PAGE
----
Exploring Nature around the Colorado River

Growing up, the Colorado River played a significant part of my life. I was born and raised in Yuma, Arizona, where part of the Colorado River runs through, just a little way from Old Stage Rd. My mother would drive me there in her LQQ-011 Thunderbird, and I would sit excitedly throughout the ride there. Little June Zwan would imagine sailing a ship down the river, being saved by a young boy who would have to cross the stream to save her.

I can still vividly picture the times I’d swim in the river or trek along the banks, imagining myself on a ship, sailing down the river to faraway places. The river has also been a source of water for people and a means of communication, so it plays a significant part in the lives of many people.

Memories of the Colorado 

I have many other memories of the Colorado River. One time when we were near the river, a little fox ran across the trail and hid near a large boulder. A little girl was nearby and just got hooked at that point. I could see it in her eyes that she really wanted to know more about foxes, about the terrain, the plants, and the temperatures. I guess I sort of saw younger June Zwan in her; she saw the magic and enchantment of the place just as I did.

The Colorado River mostly does remind me of my childhood. The sound of the water moving and splashing against boulders, and the sweet smell of the river are all so nostalgic for me.

The beauty of the river

The river itself mostly runs through the highlands of the Rocky Mountains because the source lies there. It travels through deserts and wetlands, all the way to the Gulf of California. Only a small part reaches Yuma, but even that is worth seeing. Large boulders scattered on either side of the river, along with the bursts of green from the trees that are scattered along the mountain ranges that spread as far as the eye can see. The blueness of the river mirrors the blue of the vast sky above.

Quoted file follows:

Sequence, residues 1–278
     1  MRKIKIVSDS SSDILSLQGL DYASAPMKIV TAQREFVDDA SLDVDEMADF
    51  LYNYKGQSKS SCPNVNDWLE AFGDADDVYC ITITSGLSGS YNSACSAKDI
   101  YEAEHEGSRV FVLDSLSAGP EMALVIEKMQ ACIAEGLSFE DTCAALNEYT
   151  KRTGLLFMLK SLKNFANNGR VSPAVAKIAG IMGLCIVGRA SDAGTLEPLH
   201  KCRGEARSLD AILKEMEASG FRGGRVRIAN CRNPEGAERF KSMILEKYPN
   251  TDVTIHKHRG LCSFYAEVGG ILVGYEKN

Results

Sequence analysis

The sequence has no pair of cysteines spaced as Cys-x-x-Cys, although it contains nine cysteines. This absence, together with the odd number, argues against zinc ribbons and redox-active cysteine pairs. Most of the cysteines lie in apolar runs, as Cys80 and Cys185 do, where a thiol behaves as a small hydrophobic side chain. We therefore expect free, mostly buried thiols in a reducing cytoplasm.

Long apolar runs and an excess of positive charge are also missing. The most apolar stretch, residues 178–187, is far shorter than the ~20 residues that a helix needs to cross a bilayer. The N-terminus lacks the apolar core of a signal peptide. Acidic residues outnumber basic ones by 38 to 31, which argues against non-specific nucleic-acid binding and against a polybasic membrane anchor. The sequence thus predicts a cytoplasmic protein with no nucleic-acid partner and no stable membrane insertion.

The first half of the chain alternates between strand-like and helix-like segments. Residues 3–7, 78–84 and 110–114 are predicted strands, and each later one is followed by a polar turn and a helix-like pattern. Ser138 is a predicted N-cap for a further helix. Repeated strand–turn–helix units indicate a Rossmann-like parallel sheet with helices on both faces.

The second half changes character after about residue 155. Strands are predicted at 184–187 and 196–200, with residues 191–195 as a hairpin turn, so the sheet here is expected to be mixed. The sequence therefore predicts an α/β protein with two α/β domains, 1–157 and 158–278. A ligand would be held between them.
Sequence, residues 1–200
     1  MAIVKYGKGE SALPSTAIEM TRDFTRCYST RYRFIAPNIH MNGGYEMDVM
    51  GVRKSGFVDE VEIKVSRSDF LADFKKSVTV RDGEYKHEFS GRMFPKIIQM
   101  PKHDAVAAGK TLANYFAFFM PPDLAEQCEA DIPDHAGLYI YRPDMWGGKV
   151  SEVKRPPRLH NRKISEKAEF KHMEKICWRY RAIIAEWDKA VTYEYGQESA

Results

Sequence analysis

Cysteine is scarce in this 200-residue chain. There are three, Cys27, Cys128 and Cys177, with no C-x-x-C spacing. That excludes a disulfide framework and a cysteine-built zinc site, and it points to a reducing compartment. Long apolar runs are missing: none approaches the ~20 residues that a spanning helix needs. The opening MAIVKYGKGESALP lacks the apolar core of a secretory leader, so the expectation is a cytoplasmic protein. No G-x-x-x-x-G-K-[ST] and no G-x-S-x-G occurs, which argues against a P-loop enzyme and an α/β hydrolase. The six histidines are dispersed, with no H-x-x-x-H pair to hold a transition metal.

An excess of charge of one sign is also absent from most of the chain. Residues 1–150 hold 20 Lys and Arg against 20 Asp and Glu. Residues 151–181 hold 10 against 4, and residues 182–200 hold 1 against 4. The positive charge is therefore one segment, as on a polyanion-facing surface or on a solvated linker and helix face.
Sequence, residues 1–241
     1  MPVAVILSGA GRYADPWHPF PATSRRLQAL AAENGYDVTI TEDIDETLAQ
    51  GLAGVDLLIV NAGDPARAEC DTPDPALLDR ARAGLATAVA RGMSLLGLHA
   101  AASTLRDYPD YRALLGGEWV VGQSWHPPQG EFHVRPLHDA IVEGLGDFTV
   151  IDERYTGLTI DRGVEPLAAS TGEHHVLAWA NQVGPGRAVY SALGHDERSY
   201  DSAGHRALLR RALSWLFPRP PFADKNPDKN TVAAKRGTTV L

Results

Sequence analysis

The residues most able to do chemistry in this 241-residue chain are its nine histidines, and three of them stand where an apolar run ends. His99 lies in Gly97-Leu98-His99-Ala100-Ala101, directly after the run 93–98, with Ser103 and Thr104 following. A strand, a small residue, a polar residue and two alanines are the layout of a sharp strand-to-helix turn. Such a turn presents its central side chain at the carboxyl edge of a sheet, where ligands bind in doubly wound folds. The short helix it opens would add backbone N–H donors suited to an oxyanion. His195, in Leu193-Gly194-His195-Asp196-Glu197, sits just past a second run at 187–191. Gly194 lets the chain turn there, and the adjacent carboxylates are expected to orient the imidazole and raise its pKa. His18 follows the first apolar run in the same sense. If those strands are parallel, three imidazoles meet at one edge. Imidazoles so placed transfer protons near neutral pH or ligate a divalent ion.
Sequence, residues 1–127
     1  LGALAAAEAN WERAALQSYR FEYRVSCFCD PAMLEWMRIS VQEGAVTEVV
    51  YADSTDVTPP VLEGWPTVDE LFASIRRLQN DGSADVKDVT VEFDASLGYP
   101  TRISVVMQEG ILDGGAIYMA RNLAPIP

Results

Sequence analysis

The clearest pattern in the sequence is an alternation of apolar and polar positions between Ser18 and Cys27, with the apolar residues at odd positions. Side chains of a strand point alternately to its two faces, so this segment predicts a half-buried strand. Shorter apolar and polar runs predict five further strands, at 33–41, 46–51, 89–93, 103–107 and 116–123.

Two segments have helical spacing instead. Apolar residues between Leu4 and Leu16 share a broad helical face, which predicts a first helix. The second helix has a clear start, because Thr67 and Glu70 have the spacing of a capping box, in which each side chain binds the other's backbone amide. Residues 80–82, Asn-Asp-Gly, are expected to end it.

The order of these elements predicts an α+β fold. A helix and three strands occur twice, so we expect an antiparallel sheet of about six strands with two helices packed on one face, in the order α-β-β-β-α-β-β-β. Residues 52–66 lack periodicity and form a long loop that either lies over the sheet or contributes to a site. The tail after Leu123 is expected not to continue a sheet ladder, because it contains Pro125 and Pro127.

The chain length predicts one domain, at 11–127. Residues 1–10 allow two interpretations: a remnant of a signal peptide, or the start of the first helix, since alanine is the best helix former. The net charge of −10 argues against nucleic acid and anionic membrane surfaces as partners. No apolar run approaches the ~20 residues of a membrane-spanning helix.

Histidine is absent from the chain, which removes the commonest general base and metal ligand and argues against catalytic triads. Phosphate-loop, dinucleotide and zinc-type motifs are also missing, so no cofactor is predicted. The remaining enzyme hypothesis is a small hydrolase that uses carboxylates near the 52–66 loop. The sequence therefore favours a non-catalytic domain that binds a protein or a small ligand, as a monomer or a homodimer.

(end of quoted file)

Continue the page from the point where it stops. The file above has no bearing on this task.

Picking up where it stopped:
Dangers faced by the river

It really is one of the most breathtaking sights you will see in the United States at least. It’s the country’s seventh longest river, but sadly due to human activities and climate change, the river is slowly drying out. You can see water rings at the edge of the river on the rock walls that show the drop in the water level over the past decade. The increase in temperatures has led to a faster rate of evaporation; the hotter it gets, the quicker the river will dry out. Water pollution has also resulted in making the water much less suitable for drinking or domestic use for the locals, who depend on the river.

I’m afraid if we don’t take decisive action, the Colorado River, along with so many others, will slowly dry out. It’s an important freshwater source for millions of people and a remarkable place to visit. It will be such a loss if we are unable to protect it.

Sometimes I imagine how devastated 9-year-old June Zwan would be if she knew what would happen to the Colorado River with time. June Zwan from the past wouldn’t give up though, because a crisis can still be averted. If we protect our freshwater sources and keep them clean, we could still improve the situation before it’s too late. It will be such a loss if we are unable to protect it. 


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